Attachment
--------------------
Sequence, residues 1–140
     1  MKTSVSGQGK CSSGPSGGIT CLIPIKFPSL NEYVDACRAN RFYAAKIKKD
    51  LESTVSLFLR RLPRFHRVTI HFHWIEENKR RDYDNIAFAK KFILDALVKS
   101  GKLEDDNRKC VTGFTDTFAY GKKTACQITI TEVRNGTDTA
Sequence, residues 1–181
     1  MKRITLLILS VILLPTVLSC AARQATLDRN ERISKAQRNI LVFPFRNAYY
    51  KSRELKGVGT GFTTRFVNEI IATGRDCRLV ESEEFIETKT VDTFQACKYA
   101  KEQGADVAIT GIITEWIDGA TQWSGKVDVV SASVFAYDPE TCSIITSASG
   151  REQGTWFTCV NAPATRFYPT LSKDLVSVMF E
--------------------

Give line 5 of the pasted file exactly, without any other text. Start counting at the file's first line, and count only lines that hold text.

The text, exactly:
Sequence, residues 1–181